Many obese people see their obesity as something that defines them, Of course it isn't, but it is limiting. It means at best having less energy, not sleeping as well, enduring rude comments. For me it meant serious depression and anxiety, problems with my cholesterol and blood sugar, horrible self esteem-- because I did let it define me.
Celebrities and wanna be celebrities come out and say they are proud of their size, but in many cases it probably means they are in denial, just not ready to face it. I wish they could be more honest. Just say they aren't ready to deal with their obesity, rather than saying it is okay. Losing large amounts of weight is dramatic, it changes you in many ways. There's as much psychological work as it is physical.
Yes, women come in all shapes and sizes. And being a size 2 is not a requirement for feeling worthy. Whatever our weight, we can find ways to grow, be proud of who we are and the impact we have on the world. Physically and mentally, it is more difficult to function with morbid obesity but no one should hide because of it. No one should be afraid to improve.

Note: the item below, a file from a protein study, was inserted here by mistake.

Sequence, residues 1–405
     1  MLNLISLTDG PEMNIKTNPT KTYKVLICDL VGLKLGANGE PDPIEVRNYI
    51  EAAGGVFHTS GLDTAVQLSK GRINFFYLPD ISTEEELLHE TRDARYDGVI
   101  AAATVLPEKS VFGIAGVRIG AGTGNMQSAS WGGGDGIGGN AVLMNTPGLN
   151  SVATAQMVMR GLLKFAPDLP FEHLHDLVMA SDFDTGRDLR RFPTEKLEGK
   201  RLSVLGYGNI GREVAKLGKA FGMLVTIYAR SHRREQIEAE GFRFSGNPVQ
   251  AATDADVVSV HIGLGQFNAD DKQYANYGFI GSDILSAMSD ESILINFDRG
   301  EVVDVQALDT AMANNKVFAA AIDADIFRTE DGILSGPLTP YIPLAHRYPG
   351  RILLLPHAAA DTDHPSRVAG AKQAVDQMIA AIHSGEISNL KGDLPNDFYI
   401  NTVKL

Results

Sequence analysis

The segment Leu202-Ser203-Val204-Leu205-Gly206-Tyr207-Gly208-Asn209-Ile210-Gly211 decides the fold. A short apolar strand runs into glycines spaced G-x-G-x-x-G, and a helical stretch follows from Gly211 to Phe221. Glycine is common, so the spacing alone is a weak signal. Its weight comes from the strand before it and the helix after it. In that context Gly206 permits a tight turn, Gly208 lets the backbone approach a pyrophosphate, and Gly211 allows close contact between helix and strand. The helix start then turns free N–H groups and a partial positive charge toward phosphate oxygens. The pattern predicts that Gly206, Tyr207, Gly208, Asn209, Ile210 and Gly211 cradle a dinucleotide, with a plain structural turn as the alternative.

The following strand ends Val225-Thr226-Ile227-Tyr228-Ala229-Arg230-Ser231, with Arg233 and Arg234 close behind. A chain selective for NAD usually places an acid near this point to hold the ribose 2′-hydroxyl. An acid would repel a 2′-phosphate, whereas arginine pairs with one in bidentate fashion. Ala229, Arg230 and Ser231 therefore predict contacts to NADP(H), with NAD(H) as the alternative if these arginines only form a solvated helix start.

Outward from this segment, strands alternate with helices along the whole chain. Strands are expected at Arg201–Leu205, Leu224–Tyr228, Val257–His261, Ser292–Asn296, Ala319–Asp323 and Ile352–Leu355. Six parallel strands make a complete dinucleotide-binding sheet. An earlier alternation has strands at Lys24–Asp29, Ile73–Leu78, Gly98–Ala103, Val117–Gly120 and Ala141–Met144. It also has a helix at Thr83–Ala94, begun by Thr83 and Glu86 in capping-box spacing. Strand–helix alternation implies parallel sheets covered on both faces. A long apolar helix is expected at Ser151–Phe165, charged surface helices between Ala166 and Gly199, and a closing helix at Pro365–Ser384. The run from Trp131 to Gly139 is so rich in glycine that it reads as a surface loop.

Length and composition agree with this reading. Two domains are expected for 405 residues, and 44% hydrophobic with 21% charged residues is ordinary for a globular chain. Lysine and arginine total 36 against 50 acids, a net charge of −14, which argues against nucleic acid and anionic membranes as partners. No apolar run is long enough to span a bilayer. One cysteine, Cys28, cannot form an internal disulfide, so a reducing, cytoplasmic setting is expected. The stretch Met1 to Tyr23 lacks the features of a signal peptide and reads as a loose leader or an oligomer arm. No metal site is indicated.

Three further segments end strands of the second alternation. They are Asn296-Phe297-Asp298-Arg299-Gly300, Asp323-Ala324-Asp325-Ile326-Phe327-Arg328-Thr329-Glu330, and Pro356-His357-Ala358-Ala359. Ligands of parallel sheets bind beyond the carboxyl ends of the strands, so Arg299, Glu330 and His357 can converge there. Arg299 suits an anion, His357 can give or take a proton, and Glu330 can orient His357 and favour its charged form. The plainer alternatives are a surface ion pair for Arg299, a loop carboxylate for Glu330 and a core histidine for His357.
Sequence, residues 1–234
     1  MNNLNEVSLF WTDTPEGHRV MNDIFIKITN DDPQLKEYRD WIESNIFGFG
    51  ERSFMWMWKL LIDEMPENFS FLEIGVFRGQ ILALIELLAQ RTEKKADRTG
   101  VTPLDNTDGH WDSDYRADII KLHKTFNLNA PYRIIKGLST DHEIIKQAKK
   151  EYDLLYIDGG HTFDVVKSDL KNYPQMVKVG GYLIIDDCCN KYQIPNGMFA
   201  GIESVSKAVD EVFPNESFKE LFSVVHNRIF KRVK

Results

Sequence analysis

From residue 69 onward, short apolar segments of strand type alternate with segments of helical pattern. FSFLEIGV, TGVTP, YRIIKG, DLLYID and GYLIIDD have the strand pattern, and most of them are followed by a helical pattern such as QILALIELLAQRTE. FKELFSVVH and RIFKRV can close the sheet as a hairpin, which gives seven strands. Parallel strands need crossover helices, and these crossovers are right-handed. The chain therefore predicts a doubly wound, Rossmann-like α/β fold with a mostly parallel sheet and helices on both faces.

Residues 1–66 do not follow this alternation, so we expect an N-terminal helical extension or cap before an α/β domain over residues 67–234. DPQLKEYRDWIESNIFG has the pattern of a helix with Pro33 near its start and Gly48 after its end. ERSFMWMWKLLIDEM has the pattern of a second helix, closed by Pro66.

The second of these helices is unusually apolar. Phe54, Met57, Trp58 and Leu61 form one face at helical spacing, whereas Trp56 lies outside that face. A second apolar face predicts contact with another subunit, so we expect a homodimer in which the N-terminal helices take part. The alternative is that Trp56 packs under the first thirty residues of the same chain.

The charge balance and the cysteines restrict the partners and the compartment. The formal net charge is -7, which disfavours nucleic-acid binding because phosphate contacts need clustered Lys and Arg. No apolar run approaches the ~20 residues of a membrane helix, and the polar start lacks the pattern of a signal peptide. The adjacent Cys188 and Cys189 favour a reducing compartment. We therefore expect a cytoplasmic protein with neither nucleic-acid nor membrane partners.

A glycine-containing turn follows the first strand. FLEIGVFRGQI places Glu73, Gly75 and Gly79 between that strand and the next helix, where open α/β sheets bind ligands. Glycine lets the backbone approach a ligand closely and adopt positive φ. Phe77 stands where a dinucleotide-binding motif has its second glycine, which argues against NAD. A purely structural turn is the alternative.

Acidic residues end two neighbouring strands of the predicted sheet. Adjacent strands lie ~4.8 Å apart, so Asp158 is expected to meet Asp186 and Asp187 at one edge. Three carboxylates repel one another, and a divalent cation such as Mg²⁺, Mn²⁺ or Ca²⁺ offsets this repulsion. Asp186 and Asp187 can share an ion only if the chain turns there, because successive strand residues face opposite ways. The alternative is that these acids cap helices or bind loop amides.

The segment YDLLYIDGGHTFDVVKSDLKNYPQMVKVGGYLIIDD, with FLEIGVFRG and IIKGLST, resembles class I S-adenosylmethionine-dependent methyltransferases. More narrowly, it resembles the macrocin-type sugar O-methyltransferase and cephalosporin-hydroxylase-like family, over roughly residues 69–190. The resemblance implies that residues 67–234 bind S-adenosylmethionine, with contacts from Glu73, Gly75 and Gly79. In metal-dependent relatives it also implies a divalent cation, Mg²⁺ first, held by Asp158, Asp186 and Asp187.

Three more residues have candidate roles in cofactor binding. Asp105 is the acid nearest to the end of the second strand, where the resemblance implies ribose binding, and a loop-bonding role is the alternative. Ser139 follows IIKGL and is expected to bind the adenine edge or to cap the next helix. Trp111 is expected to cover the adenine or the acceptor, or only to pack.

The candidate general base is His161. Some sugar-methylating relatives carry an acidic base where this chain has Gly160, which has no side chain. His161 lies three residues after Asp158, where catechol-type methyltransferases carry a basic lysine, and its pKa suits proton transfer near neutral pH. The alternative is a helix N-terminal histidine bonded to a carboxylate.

For me, obesity led to GERD, which played a role in developing vocal chord dysfunction -- a condition where the voice box spontaneously contracts, and you can't breathe through your mouth for several minutes. My episodes were happening several times a day, and I had a constant urge to cough. When I gave into that urge, I 'd stop breathing. So fatty deep fried food was out. More exercise was in. Running became regular because it emphasizing diaphram breathing, inhaling through the nose, exhaling through the mouth. I haven't had major symptoms in a while, just a sore throat from time to time, which leads me to evaluate whether I've "cheated" too much with acidic food, sweets, caffeine, chocolate, or refined sugars.
I stopped being obese when my health gave me no other option -- or an extremely undesireable option. Yet VCD was a gift, because it made me do what I had to do, and I am much happier and proud of my progress.